Job Stress Survival: 5 Ways To Feel Better

Payscale

stressed on the job Whether dealing with a demanding boss or a constantly buzzing BlackBerry, most people are familiar with on-the-job stressors. But how stressful is your job, really? Some jobs are worse than others, according to a recent Payscale.com survey. And, there are ways to manage that stress.

PayScale's study found that there are two qualities that the most stressful jobs have in common: managing others and being available 24/7. Al Lee, director of qualitative data at PayScale, points out that lower stress jobs may have stressful elements, like irate customers or computer glitches, but ultimately those employees can clock out at the end of the day. Not so for managers. They shoulder more responsibility even when they're off the clock.

What is the most surprising finding in PayScale's work stress study? Lee didn't expect stress levels to be so high across nearly all jobs and industries. "There is no job where people say 'my job is little or no stress,'" he says, referring to a PayScale's survey language for least stressful jobs.

With that all that stress prevalence in mind, we talked to workplace experts for tips on managing stress on the job.


1. Unplug when you can.

While it may be tempting to check work email throughout the weekend, don't. Disconnecting from technology, even if only for a few hours, allows you to fully relax and recharge. "People are not machines, so you need some time to yourself," says Peter Handal, chairman and CEO of Dale Carnegie Training. In fact, separating your work and personal life is one of Dale Carnegie's principles. Communicate with your co-workers about when and how they can reach you during off-hours to set reasonable expectations.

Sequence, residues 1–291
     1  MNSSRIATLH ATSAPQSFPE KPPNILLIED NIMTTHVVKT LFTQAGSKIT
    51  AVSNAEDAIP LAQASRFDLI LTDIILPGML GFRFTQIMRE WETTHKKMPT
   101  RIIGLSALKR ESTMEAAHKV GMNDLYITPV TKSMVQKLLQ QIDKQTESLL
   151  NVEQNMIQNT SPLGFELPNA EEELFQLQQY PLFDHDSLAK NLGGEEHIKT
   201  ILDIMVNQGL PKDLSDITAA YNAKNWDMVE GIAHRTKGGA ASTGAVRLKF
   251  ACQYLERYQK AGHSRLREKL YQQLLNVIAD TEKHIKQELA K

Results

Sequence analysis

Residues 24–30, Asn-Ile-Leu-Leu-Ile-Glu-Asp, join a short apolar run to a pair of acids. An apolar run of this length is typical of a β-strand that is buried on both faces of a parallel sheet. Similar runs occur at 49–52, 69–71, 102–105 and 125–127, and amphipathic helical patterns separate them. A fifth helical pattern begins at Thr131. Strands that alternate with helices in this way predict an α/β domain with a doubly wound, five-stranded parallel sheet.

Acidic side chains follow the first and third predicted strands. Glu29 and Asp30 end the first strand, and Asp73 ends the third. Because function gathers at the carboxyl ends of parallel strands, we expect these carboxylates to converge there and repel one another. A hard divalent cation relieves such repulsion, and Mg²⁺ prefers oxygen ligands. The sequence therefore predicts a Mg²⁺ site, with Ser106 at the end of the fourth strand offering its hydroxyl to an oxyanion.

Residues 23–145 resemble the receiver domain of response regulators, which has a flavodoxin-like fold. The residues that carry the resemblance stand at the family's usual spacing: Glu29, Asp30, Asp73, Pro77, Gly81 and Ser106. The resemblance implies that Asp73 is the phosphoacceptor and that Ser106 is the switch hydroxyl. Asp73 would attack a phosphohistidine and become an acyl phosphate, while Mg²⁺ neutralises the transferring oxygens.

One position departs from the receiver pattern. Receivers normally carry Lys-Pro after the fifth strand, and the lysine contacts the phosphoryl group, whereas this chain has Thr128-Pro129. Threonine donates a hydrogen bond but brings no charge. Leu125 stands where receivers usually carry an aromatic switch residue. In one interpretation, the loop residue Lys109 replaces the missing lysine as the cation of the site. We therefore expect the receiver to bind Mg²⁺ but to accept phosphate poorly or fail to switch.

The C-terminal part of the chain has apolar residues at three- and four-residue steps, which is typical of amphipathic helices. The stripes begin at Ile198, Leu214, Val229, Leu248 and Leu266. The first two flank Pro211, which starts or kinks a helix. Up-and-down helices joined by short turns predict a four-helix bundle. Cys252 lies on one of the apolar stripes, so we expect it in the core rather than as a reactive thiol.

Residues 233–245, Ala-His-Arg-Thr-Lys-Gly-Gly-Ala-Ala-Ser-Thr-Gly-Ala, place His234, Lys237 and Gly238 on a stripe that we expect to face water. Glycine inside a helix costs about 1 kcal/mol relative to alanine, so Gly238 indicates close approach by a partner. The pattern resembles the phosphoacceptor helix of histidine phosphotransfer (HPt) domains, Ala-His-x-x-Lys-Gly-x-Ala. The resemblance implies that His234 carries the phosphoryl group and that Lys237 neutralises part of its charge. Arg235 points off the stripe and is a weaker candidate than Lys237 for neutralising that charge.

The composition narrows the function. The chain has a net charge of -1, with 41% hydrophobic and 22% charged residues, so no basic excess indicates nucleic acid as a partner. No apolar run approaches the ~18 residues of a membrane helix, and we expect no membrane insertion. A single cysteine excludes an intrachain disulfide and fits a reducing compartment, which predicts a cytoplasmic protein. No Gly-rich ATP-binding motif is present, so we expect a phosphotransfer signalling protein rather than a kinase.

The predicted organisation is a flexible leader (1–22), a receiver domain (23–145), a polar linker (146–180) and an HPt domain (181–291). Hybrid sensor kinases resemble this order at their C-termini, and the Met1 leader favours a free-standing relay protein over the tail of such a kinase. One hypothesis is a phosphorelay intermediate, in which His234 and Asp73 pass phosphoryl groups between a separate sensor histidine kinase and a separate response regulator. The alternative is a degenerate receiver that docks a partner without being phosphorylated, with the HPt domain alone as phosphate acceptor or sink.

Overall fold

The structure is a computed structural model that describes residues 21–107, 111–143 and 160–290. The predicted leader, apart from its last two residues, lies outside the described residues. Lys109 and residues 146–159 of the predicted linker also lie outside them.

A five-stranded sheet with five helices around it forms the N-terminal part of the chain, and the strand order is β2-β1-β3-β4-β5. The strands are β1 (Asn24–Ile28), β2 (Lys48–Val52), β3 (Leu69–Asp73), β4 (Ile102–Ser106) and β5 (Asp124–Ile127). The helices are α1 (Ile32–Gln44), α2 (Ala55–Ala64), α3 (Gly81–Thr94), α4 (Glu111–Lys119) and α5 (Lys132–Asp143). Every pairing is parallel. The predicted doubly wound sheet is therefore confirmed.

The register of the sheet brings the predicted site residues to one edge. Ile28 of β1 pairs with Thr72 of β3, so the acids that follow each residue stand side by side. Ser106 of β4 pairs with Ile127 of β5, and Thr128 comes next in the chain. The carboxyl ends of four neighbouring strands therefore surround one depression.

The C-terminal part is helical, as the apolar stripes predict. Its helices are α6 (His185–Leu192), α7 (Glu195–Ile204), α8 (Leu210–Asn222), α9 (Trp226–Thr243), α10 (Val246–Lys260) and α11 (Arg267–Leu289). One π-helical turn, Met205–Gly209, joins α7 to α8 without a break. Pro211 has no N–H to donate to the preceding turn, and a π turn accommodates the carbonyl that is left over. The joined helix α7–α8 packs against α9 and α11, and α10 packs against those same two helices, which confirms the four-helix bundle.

2. Take a vacation.

Expedia.com's 2009 vacation deprivation survey found that a third of employed American adults did not take all their vacation time each year. But skipping vacation can contribute to burnout, which is why Beverly Beuermann-King, a stress and wellness specialist who works with employers to show employees how to manage stress, encourages people to begin planning a vacation at the beginning of the year. Planning well in advance prevents the calendar from filling up and gives you something to look forward to, which can be almost as much fun as the actual vacation. While you're away, Handal suggests checking in once or twice a day so that the emails don't pile up and enjoying the rest of the time guilt-free.


3. Learn to delegate.

For managers, delegating some of the workload can free them up to focus on important tasks. "By definition, no manager can do it all herself," says Handal. Still, he admits that delegation can cause some stress, especially if you're a perfectionist or a micromanager. "You can't just delegate and abdicate," he adds. "There is a certain level of stress in the monitoring of things, but no manager can get the work done if they don't delegate."


4. Avoid eating at your desk.

In many workplaces, scarfing down a sandwich in your cubicle is the norm, a way for employees to show just how busy they are. But eating lunch at your desk isn't the healthiest option, both in terms of hygiene and emotional well-being. Beuermann-King suggests breaking up your workday by eating lunch in a park or socializing with co-workers. "There needs to be a chunk of time where you let your mind off the task you were working on so you come back with more energy," she says.


5. Seek out support.

Still feeling overwhelmed? Nowadays many companies offer wellness programs such as in-office yoga, mental health counseling or discounted gym memberships, so Beuermann-King recommends tapping into those support systems. If outside responsibilities, like kids or caregiving, are adding stress to your workday, there may be other resources to help. "Talking to people around you can help you realize that you're not the only person feeling stress or dealing with personal issues," she adds. "Start talking about strategies: What works for them?"


Workplace Stress: How Does Your Job Stack Up?

Payscale.com surveyed employees on stress levels to see which positions were most stressful. Here are the highlights of what the survey revealed. Sadly, there weren't many low stress, high paying jobs to speak of.

5 Higher Stress, Higher Paying Jobs

Job Title

Median Salary
(5-8 years experience)

Elementary School Principal

$78,500

Plant Manager, Manufacturing

$73,500

Regional Retail Sales Manager

$70,400

Nursing Director

$73,000

Nursing Home Director

$75,200



5 Lower Stress, Lower Paying Jobs

Job Title

Median Salary
(5-8 years experience)

Security Guard

$24,600

Research Technician

$36,400

Receptionist

$25,500

Cashier

$18,600

Bookkeeper

$32,700





Next: Does Buttoning Up Mean A Bigger Paycheck?



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